Cognitive software: The next standard for supply chain tech
Five years from now, supply chains will be operated without guesswork. The journey begins today.
Two multinational pharmaceutical companies merge. They have 20 different transactional systems between them. The first thing they ask from their software vendor is real-time visibility into their supply chain operations. They want to search for product suppliers and see all their connections. They want to visualize their stock inventory at any point in time.
They know artificial intelligence (AI) can help provide that 360-degree visibility.
While the last 40 years were about transactional automation, the game is now cognitive automation, affecting how decisions are made and executed, Frederic Laluyaux, president and CEO of Aera Technologies told Supply Chain Dive.
How AI enables the “self-driving enterprise”
Leveraging the company’s operating system, cognitive software like Aera can learn how the business works from the inside and the outside, making real-time recommendations, predicting business outcomes and enabling autonomous actions.
Supply chain managers want recommendations and optimization, whether for supplies or working capital. Algorithms can handle demand-supply chain optimization. While it's not yet fully autonomous — planners using Aera check the outcome before it’s operationalized — it could be.
"Once it learns over time, the level of autonomy will increase. You need the algorithm every step of the way. It gets intelligent data, indexes it, applies the algorithm, analyzes the impact of decisions and provides feedback in the loop," said Laluyaux.
For example, a supply chain planner might get a phone alert from the Aera system, saying "there are five open orders in Mexico that have no matching inventory. I found excess inventory in Brazil. If I shipped it to Mexico, you can close the open orders and save $10 million. Do you want me to do it?" The planner can say yes, ask for more information, or delay while talking to others about it or doing research.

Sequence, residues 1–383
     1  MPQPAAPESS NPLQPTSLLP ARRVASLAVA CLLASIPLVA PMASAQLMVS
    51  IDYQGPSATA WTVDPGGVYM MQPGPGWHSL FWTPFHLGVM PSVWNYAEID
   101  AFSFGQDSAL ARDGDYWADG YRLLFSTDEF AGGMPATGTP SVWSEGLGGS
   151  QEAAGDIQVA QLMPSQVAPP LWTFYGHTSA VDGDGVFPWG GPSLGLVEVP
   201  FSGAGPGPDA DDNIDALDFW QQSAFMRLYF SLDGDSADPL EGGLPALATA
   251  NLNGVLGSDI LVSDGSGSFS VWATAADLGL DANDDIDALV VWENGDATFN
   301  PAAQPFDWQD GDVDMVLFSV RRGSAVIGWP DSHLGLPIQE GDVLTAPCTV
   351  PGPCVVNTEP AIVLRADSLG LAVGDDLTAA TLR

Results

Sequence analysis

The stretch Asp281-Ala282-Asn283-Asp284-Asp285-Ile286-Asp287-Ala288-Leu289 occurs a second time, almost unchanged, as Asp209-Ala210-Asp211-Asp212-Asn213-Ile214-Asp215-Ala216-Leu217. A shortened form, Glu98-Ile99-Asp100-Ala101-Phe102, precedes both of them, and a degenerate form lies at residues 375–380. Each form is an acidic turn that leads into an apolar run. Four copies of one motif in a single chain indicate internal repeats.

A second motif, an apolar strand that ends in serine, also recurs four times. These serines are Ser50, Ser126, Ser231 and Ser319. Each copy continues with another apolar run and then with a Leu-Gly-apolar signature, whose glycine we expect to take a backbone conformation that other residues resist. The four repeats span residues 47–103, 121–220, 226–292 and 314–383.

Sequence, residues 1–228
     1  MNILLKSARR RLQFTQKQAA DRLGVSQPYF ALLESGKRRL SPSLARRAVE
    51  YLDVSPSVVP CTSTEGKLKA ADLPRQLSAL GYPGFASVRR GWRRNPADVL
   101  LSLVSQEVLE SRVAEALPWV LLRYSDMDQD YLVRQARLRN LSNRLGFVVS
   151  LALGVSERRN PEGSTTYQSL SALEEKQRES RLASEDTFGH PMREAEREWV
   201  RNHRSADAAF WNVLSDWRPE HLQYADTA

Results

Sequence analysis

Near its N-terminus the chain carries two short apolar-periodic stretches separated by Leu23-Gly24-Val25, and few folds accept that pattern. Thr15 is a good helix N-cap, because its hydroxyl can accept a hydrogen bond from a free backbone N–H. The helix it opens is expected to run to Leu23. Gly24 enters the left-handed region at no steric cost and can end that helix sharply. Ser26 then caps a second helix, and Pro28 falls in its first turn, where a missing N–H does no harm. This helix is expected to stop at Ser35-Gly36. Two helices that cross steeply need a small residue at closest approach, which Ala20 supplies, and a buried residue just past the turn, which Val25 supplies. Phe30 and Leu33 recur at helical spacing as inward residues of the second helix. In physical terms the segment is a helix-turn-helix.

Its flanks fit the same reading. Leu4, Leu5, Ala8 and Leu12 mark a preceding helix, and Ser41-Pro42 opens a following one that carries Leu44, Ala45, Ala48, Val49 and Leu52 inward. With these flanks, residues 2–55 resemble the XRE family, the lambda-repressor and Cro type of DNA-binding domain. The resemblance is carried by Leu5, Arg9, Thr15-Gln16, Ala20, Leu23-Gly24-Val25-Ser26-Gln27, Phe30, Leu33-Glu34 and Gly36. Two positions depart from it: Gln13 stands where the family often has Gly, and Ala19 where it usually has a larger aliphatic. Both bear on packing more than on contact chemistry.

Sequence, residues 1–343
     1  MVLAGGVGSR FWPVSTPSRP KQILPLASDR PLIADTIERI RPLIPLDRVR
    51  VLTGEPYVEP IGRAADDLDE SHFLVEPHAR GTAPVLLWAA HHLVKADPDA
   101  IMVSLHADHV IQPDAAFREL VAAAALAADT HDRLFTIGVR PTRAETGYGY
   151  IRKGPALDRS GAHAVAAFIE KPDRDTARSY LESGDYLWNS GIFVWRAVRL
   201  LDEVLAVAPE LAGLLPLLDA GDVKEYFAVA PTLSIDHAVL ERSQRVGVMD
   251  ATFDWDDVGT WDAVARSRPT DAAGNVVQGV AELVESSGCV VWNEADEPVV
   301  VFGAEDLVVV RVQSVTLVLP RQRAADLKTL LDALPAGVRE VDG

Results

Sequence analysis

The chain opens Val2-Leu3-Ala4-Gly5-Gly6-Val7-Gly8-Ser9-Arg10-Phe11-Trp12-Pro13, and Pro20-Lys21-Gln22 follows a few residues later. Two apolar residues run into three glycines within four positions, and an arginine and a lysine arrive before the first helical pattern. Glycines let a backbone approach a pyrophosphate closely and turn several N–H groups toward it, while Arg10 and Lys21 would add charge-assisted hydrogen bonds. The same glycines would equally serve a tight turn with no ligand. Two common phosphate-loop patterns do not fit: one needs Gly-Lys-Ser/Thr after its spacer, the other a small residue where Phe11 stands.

No matter what the planner chooses, the system keeps a record of all alerts and actions, which a higher-level executive can review for a better understanding of how all company business decisions are made. The executive can weigh in and change some of the factors, like increasing or decreasing the amount of safety stock, and use the data to influence decisions throughout the company; the machine learning will adapt as well.
Why artificial intelligence is news now
While AI is gaining steam in supply chain operations, the concept isn’t new. What is new is the ability to do it.
"We’ve been thinking about this for 10 to 15 years," said Laluyaux. "To do it on, a massive scale with 1.2 billion rows of transactional data per day per customer, to handle very complex models and do it in real time," that’s new. What changed is the massive amount of cheap computing power in the cloud.
When enterprise got access to open source components from internet platforms like LinkedIn, Yahoo and Facebook, that allowed it to take the massive internet-scale technology and apply it. “We don’t have to explain to the customer the value of what we do. They understand that. They just couldn’t do it before,” Laluyaux said.
"The need is so obvious, customers are saying ‘where have you been?" and customers are asking how the software can handle their company’s complex needs and volumes, to allow users to make real-time decisions.
AI applied to global shipping
ClearMetal also uses AI for visibility, to solve inefficiencies in the global shipping industry.
Their software, used by freight forwarders, terminals, 3PLs, end manufacturers and retailers, allows them to predict the movement of goods, rather than guessing or approximation. "There’s a lot of manual processes in predicting the time of the ocean carrier’s arrival," said Bryan Nella, director of marketing at ClearMetal.
To build their machine-learning algorithm, they rely on the significant amount of data already at the customer’s disposal, including raw orders and EDI signals. Retail and manufacturers are using ClearMetal to accurately predict inland destination and shipping times for air and ocean freight, to meet inventory demand. With better predictions of partner performance, they can reduce on-hand inventory.